For good health, you should get 30 minutes of moderate aerobic exercise at least five days per week, recommends the Centers for Disease Control and Prevention. While exercise is an important part of keeping your body in good shape, overdoing it can lead to injury or health conditions. Watch for warning signs that you might be overexerting yourself when you work out.
Overexerting certain muscles or body parts over a period of time can lead to a chronic injury, also called an overuse injury. Common overuse injuries include stress fractures and tendinitis. The first symptoms may be soreness or aching in a muscle or joint. If you continue to overwork the area, you can worsen the injury, along with your pain. Any pain warrants slowing down or discontinuing exercise temporarily. Report any worsening or persistent pain to your doctor.
Inability to Talk
A common rule of thumb when gauging exercise intensity is to determine whether you can hold a conversation during your workout. If you are breathing too hard to speak comfortably, you probably are overexerting yourself, according to "Medicine and Science in Sports and Exercise." At the point of the inability to talk comfortably, your breathing rate likely is to be disproportionately high in relation to how hard you are working, and it is a signal to slow down to avoid injury or other problems associated with overexertion.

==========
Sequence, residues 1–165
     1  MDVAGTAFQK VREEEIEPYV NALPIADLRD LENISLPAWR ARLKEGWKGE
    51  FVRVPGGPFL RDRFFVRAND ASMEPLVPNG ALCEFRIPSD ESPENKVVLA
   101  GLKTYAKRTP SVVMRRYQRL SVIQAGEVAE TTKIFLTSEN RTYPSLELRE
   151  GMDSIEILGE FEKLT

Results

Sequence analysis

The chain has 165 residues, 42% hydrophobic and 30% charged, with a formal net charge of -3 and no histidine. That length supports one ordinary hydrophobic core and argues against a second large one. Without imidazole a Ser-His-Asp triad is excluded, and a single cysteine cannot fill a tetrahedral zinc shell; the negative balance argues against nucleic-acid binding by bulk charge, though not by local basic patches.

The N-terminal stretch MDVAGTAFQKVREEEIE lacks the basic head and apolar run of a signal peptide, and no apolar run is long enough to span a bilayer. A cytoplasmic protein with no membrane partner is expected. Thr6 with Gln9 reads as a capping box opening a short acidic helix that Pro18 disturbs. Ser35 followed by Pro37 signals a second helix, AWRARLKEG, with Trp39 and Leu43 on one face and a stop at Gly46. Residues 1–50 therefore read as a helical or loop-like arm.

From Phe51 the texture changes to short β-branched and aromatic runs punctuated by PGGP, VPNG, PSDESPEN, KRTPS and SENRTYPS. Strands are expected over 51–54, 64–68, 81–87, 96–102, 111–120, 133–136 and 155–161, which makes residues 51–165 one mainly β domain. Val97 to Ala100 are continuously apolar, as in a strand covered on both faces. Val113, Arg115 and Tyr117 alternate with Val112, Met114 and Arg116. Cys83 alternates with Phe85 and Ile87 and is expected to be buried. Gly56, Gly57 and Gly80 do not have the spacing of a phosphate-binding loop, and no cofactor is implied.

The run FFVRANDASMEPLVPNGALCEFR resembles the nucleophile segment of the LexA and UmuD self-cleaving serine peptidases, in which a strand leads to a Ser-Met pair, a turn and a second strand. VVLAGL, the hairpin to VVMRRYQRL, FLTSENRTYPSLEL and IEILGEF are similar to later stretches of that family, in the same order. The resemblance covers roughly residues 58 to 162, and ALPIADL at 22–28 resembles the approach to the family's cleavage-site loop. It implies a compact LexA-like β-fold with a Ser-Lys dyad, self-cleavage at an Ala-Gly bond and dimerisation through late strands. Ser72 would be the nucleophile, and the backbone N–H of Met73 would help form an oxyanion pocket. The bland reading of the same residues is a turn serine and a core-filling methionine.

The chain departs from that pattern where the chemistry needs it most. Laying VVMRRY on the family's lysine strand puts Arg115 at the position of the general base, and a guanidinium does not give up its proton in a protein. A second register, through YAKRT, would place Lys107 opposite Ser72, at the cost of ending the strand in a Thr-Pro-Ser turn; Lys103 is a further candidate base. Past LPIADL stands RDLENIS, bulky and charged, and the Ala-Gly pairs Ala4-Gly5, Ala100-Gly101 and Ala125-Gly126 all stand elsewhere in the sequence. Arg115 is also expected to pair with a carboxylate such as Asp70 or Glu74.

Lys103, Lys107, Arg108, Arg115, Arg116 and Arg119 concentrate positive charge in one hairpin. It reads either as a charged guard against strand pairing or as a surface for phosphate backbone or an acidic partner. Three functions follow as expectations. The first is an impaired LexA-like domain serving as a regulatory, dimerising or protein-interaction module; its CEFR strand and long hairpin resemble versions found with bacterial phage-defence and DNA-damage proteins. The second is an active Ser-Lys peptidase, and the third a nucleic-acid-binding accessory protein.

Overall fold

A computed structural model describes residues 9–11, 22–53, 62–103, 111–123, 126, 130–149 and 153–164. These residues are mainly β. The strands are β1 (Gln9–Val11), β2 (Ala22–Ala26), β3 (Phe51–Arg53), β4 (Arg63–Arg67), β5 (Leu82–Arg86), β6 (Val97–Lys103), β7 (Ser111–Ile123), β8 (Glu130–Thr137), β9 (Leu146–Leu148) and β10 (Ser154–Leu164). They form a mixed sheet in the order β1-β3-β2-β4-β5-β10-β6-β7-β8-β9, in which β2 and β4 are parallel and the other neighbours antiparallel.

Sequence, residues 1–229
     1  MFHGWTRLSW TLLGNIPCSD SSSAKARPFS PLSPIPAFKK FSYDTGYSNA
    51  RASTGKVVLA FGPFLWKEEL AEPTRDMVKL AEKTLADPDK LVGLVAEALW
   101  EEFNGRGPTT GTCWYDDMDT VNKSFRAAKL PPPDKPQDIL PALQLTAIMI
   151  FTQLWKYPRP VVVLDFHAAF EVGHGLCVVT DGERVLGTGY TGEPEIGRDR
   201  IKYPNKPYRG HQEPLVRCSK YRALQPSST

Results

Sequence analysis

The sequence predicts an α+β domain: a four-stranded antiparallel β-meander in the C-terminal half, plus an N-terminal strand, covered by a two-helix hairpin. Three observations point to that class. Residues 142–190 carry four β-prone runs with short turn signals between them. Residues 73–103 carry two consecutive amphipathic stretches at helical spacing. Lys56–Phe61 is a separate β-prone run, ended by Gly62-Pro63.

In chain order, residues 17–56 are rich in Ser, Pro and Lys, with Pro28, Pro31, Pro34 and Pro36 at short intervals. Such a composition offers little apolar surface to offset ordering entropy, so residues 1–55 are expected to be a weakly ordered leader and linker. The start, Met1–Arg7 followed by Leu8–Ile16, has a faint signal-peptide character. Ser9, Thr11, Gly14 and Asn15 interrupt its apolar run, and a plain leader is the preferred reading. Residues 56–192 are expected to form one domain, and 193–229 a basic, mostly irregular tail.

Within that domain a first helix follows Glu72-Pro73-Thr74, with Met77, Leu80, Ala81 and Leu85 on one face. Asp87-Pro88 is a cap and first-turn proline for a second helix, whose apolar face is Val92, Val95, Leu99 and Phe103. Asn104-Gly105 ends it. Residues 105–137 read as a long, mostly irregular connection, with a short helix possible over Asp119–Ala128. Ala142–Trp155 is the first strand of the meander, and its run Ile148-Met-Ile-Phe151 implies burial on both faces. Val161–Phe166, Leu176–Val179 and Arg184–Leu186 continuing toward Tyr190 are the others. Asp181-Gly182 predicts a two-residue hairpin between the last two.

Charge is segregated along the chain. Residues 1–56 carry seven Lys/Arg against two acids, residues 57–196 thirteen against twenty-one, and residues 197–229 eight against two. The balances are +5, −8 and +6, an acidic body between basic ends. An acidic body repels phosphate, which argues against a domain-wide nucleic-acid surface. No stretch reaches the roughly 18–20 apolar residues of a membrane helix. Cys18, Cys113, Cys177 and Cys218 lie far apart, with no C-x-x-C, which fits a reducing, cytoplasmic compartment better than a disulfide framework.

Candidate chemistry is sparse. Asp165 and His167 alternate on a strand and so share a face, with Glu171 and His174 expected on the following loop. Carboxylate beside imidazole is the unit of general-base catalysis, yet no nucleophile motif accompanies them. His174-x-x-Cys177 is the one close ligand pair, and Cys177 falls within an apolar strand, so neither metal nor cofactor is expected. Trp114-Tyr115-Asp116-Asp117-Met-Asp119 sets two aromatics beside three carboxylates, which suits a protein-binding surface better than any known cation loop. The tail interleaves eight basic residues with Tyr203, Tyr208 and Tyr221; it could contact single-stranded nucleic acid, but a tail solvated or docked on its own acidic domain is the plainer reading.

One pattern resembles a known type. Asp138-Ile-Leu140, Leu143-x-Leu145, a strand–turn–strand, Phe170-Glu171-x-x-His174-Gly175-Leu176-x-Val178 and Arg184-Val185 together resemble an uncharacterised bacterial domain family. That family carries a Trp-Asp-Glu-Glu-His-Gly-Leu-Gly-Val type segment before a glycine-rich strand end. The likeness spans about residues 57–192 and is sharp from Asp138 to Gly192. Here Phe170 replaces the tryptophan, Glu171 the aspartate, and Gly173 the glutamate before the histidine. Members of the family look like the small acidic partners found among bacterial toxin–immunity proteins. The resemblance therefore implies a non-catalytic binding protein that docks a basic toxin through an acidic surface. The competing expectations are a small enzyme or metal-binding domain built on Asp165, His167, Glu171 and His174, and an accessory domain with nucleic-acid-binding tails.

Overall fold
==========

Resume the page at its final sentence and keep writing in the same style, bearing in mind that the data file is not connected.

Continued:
Dehydration can occur if you are exercising strenuously, particularly during hot weather. If you are overexerting yourself and not drinking enough fluids, you might start to experience the symptoms of dehydration, which include a dry mouth, scant urine, dizziness and fatigue. Dehydration can cause muscle cramps, as well. If you experience these symptoms, move to a cooler place and drink fluids. If muscle cramps occur frequently or persist, see a doctor to rule out more serious health conditions.
Warning signs that you are dangerously overexerting yourself include chest pain, difficulty breathing or dizziness, and these do not resolve after a few minutes of rest. Wheezing or persistent coughing may indicate exercise-induced asthma. This should be evaluated by your doctor, who might prescribe preventive medication. Crushing, squeezing or tightening chest pain may indicate a heart attack. If you experience these symptoms, call 911 immediately; do not wait to see if you get worse.
- American Academy of Orthopaedic Surgeons: Muscle Cramp
- American College of Sports Medicine; "Talk Test" a Consistent Gauge of Exercise Intensity; September 2004
- KidsHealth: Dealing With Sports Injury
- KidsHealth: Dehydration
- Centers for Disease Control and Prevention: Physical Activity for Everyone
- University of Maryland Medical Center: Chest Pain